Earwigs make up the insect order Dermaptera. With about 2,000 species in 12 families, they are one of the smaller insect orders. Earwigs have characteristic cerci, a pair of forceps-like pincers on their abdomen, and membranous wings folded underneath short, rarely used forewings, hence the scientific order name, "skin wings". Some groups are tiny parasites on mammals and lack the typical pincers. Earwigs are found on all continents except Antarctica.
Earwigs are mostly nocturnal and often hide in small, moist crevices during the day, and are active at night, feeding on a wide variety of insects and plants. Damage to foliage, flowers, and various crops is commonly blamed on earwigs, especially the common earwig Forficula auricularia.
Earwigs have five molts in the year before they become adults. Many earwig species display maternal care, which is uncommon among insects. Female earwigs may care for their eggs, and even after they have hatched as nymphs will continue to watch over offspring until their second molt. As the nymphs molt, sexual dimorphism such as differences in pincer shapes begins to show.
Some earwig specimen fossils are in the extinct suborders Archidermaptera or Eodermaptera, the former dating to the Late Triassic and the latter to the Middle Jurassic. Many orders of insect have been theorized to be closely related to earwigs, though the icebugs of Grylloblattaria are most likely.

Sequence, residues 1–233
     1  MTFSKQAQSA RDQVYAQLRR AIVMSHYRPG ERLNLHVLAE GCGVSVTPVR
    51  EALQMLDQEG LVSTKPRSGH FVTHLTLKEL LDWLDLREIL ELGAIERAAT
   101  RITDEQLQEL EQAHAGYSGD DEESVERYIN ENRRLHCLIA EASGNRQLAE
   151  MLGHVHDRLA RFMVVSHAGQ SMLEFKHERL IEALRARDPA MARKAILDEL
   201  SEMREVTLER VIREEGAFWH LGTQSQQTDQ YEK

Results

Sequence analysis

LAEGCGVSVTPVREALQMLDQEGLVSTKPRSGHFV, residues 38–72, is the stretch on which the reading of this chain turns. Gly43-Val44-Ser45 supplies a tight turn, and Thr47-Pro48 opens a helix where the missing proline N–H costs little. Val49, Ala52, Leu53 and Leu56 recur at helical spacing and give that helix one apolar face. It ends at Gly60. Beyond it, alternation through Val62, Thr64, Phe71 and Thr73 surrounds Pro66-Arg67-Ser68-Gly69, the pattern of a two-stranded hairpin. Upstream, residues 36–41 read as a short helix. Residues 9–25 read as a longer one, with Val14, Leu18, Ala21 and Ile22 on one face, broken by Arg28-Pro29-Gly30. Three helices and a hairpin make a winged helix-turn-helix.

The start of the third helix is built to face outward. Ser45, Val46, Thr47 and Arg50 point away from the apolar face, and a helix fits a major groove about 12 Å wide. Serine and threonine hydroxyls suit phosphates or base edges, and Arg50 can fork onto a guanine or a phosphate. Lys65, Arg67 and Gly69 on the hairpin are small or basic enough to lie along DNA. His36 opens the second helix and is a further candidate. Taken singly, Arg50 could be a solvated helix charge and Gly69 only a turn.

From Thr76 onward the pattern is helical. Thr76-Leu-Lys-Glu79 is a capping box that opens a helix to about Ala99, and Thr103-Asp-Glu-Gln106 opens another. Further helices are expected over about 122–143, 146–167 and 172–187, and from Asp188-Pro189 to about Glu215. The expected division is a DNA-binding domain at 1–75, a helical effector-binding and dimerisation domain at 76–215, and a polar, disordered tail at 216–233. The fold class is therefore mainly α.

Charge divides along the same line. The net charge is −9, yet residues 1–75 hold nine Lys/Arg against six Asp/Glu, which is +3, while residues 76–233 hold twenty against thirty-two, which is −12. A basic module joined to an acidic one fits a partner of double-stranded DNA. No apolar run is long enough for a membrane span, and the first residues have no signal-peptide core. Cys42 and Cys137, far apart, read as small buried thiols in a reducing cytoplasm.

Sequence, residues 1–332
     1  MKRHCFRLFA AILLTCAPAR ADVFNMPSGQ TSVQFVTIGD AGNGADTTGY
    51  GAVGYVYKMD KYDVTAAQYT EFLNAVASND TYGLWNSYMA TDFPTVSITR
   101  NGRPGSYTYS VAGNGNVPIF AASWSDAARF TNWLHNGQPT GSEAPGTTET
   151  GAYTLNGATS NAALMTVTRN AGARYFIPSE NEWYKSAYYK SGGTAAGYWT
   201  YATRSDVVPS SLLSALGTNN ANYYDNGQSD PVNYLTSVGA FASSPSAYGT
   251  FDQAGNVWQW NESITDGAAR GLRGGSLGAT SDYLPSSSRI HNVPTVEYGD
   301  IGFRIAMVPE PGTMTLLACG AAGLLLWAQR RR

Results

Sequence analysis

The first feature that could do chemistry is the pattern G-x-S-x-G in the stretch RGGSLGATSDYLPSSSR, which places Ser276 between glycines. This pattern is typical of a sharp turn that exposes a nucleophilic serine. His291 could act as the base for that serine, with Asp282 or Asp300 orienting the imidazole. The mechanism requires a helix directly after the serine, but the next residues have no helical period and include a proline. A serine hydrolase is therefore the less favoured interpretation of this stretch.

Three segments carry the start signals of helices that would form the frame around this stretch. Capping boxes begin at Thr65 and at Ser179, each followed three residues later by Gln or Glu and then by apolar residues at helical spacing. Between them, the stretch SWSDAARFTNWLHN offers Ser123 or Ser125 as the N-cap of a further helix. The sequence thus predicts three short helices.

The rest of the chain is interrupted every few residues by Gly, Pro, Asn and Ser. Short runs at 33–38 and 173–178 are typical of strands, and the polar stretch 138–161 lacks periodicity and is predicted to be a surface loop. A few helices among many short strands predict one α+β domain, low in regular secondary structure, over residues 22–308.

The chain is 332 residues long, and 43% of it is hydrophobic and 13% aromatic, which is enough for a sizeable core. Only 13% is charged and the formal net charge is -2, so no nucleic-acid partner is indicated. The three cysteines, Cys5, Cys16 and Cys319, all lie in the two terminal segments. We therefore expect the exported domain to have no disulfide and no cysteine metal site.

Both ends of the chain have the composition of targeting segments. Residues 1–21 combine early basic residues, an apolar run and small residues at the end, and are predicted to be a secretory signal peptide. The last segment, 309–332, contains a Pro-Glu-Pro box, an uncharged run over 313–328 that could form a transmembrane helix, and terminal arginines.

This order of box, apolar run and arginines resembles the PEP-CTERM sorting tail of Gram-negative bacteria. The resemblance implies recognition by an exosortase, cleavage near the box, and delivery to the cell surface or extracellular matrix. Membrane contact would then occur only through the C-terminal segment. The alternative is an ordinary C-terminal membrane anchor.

Earwigs can be found in almost any zone, although they more likely to inhabit southern climates. You might have trouble spotting one—not only are they quick movers, they are also nocturnal, and tend to hide out during the day when you are tending the garden. They like decaying wood and plant material, and dark, damp spaces. Oftentimes, they can be found in basements and woodpiles.
Earwigs are the sole members of the insect order Dermaptera, ancient bugs who began crawling around Earth about 208 million years ago. Today, some 1,100 species are scattered everywhere but in Earth’s polar regions. The name “earwig” comes from the Old English ear-wicga, which means “ear wiggler,” and it is named so because its hind legs are shaped like human ears. In France, they’re called ear piercers, and in Germany, ear worms.
In North America, we’re most familiar with Forficula auricularia, a European variety thought to have arrived with our immigrant ancestors. Earwigs were first reported in 1907 in Seattle, Washington, and they have now spread to most of the United States and parts of Canada.
When earwigs aren’t chomping on plants, they’re enjoying a lively social scene. They congregate during the day because they tend to find the same hiding places. Their nests can number in the thousands, and they aren’t territorial, so they tend to live together.
Pincher bugs feed on other insects, such as aphids, maggots, and army worms, which is one benefit. Unfortunately, they will also feed on the rest of your garden.
HOW TO PREVENT EARWIGS
Expect more earwigs during rainy years, and prepare accordingly.
Avoid growing susceptible plants near walls covered in ivy or hedges, as many earwigs might live in these areas.
Birds and toads are both natural predators of earwigs. Check out our tips for creating a bird-friendly garden.
Contact First Response Pest Control if you have any questions with regards to this post, 214-864-0669.
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